Ouch: CNN+ is reportedly only getting around 10,000 viewers a day
By Michael P. Hill Article may include affiliate links
CNN declined to confirm the figure and only told CNBC “we continue to be happy with the launch and its progress after only two weeks.”
It’s important to note that the 10,000 figure doesn’t necessarily equate to the number of subscribers because, assuming it’s true, is only counting average daily usage. In fact, depending on viewer habits, the total subscriber count could be higher or lower than whatever the average daily viewership number is.
Subscribers who are hooked on the service and come back day after day could skew the average higher, while those who signed up out of curiosity and lost interest could have the opposite effect.
Because CNN+ is a paid subscription service, CNN likely knows the exact number of subscribers as well as exactly how many people are streaming what shows, how often and for how long but it has not released any of those figures.
Assuming the 10,000 figure is accurate or at least somewhere in the neighborhood of being correct, it’s tough to call the service a big hit (even if that number is under by a few hundred percent, it’s still arguably a low figure).
For example, the low-rated NewsNation network’s morning newscast “Morning In America” registered 12,000 viewers on the day it debuted in September 2021 (A decades old “Murder She Wrote” rerun that proceeded it had slightly more — 13,000).
CNN’s linear channel, despite suffering significant losses in recent months, is still averaging around 773,000 viewers a day, notes CNBC.
Put another way, the village of Sleepy Hollow, New York (of headless horseman fame) has a population of just under 10,000 people.
CNN+ may have one factor working in its favor — it just launched on Roku April 11, 2022, bringing it to the largest connected TV platform, which could help bump up signups.
However, the service still isn’t available on Google TV, Android TV, Sony PlayStation, Microsoft Xbox and Samsung and LG’s smart TV systems — and it’s a bit odd that CNN launched the streamer without a wider selection of integrations.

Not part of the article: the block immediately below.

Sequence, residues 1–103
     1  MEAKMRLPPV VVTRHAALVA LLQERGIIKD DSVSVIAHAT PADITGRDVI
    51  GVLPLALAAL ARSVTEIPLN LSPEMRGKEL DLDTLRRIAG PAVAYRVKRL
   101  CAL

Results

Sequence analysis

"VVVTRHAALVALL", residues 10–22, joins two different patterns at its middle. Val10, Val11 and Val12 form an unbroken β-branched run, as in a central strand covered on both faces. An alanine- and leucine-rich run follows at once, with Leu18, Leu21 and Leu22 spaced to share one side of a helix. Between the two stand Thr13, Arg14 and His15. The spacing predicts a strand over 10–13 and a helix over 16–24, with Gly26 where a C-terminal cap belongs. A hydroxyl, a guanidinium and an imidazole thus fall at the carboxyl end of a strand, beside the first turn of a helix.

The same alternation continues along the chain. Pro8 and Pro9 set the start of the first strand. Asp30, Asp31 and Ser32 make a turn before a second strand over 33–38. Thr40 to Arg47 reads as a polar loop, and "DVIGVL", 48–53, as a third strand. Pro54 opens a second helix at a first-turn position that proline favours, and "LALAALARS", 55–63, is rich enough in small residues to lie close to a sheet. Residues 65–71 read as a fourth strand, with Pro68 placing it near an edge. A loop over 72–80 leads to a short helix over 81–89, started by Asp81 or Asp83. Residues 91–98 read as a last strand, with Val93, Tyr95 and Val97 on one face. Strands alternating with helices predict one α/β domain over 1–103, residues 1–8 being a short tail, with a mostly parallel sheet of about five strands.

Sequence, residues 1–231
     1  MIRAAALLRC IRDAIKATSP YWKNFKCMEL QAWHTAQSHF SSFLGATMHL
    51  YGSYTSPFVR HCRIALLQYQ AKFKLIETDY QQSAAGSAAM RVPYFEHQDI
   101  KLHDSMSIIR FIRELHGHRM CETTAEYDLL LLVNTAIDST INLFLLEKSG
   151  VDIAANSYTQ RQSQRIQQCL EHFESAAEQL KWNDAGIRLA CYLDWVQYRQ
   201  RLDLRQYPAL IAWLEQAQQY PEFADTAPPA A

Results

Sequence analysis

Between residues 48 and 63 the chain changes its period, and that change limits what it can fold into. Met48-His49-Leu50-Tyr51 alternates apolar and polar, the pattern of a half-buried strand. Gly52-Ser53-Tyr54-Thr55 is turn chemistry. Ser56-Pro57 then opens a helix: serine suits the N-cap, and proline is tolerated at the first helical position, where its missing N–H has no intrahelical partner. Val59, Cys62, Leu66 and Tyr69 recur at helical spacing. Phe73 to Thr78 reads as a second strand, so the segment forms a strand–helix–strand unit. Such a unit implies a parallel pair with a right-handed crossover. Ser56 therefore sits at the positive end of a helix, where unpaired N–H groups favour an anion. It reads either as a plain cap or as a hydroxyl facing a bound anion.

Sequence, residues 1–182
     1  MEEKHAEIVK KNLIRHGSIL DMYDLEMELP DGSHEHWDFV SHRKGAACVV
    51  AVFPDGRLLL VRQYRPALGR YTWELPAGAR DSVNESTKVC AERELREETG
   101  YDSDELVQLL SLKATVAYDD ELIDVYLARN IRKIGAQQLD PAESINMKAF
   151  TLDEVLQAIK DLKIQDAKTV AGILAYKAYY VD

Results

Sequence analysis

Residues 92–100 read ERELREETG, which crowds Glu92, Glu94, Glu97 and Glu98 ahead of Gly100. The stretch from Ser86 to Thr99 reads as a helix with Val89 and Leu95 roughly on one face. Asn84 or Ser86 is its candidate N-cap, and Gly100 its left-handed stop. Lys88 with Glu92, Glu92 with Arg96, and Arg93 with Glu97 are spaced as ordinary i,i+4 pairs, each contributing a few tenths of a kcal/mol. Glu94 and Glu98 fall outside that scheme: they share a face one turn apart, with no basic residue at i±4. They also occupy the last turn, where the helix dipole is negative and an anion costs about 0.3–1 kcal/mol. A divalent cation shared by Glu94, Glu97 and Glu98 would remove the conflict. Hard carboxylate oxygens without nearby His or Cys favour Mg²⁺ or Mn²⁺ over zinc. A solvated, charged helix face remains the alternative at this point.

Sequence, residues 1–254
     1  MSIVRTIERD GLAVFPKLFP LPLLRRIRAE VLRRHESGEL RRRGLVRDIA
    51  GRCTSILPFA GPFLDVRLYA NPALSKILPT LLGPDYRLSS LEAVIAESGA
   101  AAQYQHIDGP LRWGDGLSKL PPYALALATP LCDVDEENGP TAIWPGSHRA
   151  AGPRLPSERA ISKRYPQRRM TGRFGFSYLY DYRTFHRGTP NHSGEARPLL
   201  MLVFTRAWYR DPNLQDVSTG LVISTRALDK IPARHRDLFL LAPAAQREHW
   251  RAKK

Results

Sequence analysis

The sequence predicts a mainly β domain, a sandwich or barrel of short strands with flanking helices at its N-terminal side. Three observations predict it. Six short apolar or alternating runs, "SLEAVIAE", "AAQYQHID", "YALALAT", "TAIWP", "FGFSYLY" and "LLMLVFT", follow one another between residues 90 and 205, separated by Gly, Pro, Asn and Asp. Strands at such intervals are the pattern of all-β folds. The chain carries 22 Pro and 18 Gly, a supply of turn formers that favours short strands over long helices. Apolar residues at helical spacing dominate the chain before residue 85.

To be fair, CNN+ has a comparatively narrower market and content base than most streamers.
The service is most likely to appeal to people highly interested in the news — and willing to pay for it.
There’s also only one show that aims to be a faced-paced look at the news, meaning viewers have to commit to sticking around for runtimes that are more in line with linear TV shows (and since it’s news, it doesn’t have the advantage of being bingeable or having cliffhangers like much of the content on other streamers).
CNN+ does feature some docuseries that might be more bingeable, though it’s hard to compare those to streaming hits on Netflix, HBO Max, Disney+ and Apple TV+.
CNN was also late to enter the streaming market and requires a monthly payment outside of a free trial.
The network is offering a 50% discount that makes the service $3.99 a month as of April 2022, but with the market becoming increasingly cluttered, consumers may be wary of committing to even that small of another monthly recurring fee.
It also doesn’t help that ABC, CBS and NBC all offer free news streaming services that offer live coverage for much of the day, whereas CNN+ only offers live shows at set times as well as limited unscheduled live, rolling news coverage as news warrants.
Although 10,000 is an average view figure and it’s difficult to extract a subscriber count from that, if one assumes every subscriber is watching every day then it seems logical to reason that the service likely doesn’t have more than approximately 10,000 subscribers.
Again, this assumes the 10K figure is correct, but if it is, that means the network is only generating around $39,900 in revenue a month for paid subscriptions.
Assuming no growth or churn rates that keep the numbers at that level, CNN would only pull in $478,800 a year at this rate — almost assuredly nowhere near what it needs to be even close to profitable given the pricey talent and reported staff hires for the service CNN reportedly shelled out.
CNN also reportedly spent millions in marketing for the launch.
Speaking of churn, that’s another key challenge the streamer is likely to face in the coming months — will people stick around in large enough numbers to make the service continue to see a net growth rate?
CNN+ was already facing an uncertain future given that it was mostly spearheaded by a previous leadership team and launched just weeks before WarnerMedia was spun-off from AT&T and merged with Discovery to form Warner Bros. Discovery, which now owns CNN and CNN+.
Former CNN president Jeff Zucker reportedly took on the streamer as a pet project and, some say, had blinders on to the long-term viability of the service.
The new company is led by former Discovery CEO David Zaslav. Several executives from the WarnerMedia side departed the company when the merger went through April 8, 2022.
One of the key selling points of the merger was opportunities for cost savings and some CNN insiders are bracing for cuts to the division — which could extend companywide.
Even before the merger went through, leadership indicated it plans to combine Discovery+ and WarnerMedia’s HBO Max streamers at some point in the future, but pointedly did not mention the future of the then yet-to-be-launched CNN+.